When you simplify your life, a funny thing happens: you start enjoying things that you used to not even notice. Life's pleasures take on a new meaning. Currently, most of us are deafened by the "noise" of abundance and constant stimulation, so much that we often are unable to appreciate the simplest things in life. As a consequence, we need a lot to remain happy and entertained (or sedated from our daily frustrations): purchases, activities, electronics, media, alcohol and other drugs to name but a few. Simplifying has taught me that well-being is inside of me, not outside, and that the most basic things can fulfill me. As I said to D recently while we discussed wilderness camping plans: as long as I'm warm and dry and fed, active, learning new things and having meaningful human interactions, I will be happy. I don't need much else.
|Kyle Taylor, Flickr|
Practical exercise # 1:
Here's a little exercise for you: for a month, refrain from talking about your stuff at all. You are not to mention any shopping you've done or anything else you own, including clothes or decorative objects or things you got for your kids. Instead you will talk about non-material topics. Let me know how long you last!
Truth # 1 Simple living changes your life completely... for the better
Because I refused to hop on the bandwagon of materialism, I have made choices that maximized my quality of life. Unlike the majority of women of my generation, I did not focus on my career and send my kids to daycare. Coming from an ambitious and capable feminist, this decision struck some of my friends as peculiar. I had to remind them that feminism has given us women the option of either having a career or not. When my youngest child entered school, I started instilling some more time and energy into my career, and I have been upping the input ever since then. But freedom and quality time with my family has remained a priority. Sure, I am not where I would be (career wise and money wise) if I had focused on paid work from the start, but believe me, I have never regretted my choice. I did what felt right for me (I understand that other women might feel differently) and enjoyed it aplenty.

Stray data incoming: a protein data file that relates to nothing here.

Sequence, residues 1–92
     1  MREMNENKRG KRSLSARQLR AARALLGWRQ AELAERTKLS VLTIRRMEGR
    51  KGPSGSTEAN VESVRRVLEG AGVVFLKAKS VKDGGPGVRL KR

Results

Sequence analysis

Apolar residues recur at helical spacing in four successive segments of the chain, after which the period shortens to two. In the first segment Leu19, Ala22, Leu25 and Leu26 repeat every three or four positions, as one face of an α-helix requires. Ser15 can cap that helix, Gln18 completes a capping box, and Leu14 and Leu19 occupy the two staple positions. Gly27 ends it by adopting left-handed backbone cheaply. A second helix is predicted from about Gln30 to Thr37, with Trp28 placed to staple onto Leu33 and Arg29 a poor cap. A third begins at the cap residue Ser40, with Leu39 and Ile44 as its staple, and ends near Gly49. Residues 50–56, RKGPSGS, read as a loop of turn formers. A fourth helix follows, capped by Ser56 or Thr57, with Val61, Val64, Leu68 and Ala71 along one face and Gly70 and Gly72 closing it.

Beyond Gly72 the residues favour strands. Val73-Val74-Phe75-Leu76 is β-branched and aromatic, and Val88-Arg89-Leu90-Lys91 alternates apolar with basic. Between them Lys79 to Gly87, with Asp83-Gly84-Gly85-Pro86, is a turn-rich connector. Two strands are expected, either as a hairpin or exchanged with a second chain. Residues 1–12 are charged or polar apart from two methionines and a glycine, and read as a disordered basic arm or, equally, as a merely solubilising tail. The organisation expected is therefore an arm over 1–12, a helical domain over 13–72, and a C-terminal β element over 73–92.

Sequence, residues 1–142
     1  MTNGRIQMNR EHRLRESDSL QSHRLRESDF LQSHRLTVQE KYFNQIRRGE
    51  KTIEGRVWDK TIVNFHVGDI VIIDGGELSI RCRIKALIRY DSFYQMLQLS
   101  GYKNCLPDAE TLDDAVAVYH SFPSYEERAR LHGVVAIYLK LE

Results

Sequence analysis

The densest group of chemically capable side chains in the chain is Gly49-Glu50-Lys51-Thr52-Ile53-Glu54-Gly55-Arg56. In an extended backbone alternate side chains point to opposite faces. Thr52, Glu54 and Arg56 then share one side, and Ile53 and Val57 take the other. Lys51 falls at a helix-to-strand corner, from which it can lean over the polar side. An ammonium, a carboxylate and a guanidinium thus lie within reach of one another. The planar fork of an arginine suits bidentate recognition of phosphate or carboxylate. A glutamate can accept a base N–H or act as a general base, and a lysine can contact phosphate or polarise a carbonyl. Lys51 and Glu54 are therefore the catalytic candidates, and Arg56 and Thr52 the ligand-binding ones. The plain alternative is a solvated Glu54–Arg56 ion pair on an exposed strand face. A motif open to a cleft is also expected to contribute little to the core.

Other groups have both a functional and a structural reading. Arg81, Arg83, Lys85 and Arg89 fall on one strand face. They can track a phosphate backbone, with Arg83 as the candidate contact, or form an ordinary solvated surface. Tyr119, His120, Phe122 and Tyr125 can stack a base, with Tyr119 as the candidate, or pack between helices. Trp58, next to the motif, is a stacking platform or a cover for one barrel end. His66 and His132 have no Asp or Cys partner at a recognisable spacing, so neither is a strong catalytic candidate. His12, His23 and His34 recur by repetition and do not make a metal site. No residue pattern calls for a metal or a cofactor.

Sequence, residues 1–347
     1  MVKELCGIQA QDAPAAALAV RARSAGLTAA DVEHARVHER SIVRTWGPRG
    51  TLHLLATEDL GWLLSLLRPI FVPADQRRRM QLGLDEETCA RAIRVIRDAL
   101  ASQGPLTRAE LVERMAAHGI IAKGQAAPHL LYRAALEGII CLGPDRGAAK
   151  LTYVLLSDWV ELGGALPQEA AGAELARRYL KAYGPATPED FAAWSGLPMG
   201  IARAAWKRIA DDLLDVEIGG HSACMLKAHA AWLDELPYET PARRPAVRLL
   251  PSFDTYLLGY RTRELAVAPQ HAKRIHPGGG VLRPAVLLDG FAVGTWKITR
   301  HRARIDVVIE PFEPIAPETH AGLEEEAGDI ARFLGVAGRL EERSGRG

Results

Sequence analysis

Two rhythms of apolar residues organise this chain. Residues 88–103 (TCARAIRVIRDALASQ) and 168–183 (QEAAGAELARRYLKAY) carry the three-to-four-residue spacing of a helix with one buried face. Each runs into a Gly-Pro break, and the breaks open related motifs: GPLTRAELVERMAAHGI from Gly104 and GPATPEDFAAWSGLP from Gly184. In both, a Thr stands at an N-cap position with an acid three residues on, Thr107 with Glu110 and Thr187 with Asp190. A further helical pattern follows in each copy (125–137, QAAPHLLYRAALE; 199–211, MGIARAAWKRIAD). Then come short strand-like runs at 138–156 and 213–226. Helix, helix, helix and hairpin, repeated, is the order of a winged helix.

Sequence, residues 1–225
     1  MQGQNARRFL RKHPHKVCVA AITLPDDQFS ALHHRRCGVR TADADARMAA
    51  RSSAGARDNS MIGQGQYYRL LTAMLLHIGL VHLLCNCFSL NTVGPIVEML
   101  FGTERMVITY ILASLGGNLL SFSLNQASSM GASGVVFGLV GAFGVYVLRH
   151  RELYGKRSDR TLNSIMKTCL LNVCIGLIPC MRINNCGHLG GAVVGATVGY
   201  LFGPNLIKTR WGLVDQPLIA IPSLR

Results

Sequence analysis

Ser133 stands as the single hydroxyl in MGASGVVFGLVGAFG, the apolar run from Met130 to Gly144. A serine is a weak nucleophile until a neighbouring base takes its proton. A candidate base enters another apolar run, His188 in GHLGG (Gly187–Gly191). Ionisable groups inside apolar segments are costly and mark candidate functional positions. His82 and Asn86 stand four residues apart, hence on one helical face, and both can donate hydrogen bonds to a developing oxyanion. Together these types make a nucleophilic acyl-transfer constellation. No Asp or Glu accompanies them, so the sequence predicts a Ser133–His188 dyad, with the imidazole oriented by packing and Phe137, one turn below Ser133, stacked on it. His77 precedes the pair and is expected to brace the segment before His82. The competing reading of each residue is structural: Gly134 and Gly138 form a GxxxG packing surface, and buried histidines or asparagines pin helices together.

Other non-conventional habits I have are to avoid TV and women's magazines like the plague, because they are the modern "sirens" who lure us into consuming and consuming and consuming. I am also wary of shopping malls and stores in general, because I know how they make me feel: they make me feel like there are so many things I want (or worse, need) when in fact I had never thought of them before seeing them in shop windows!
Truth # 2 Simple living is environmentally friendly
I feel like by consuming less, I'm doing some good for the environment. I buy less, reuse more. Speaking of which, I have recently started shopping at thrift stores and I am amazed at the discoveries I've made. I knew I had to try when I realized the most stylish friend I have shops almost exclusively in thrift stores. There, high quality items (that look new) for a fraction of the price await the keen eye. You should give it a try! (Keeping in mind that shopping is not a pastime, but rather something you do when you really need something.)
Truth # 3 Simple living means making informed choices that are consistent with your personality and values
We are bombarded with temptations to consume. If we were to trust the media on it, there is so much we need in order to finally be happy! I refuse to fall prey to advertisement. I also refuse to fall prey to keeping up with the Joneses. Whatever I acquire, I acquire it because I am certain it's worth the price, and certain that I will like it and use it a lot. Interestingly, when you really take the time to stop and evaluate your purchases, very few of them answer those criteria. Truth is, we can make without most things. We already have all that we need, and the only reason we are looking for more is because it will provide us with a short-lived thrill that has nothing with long-term happiness.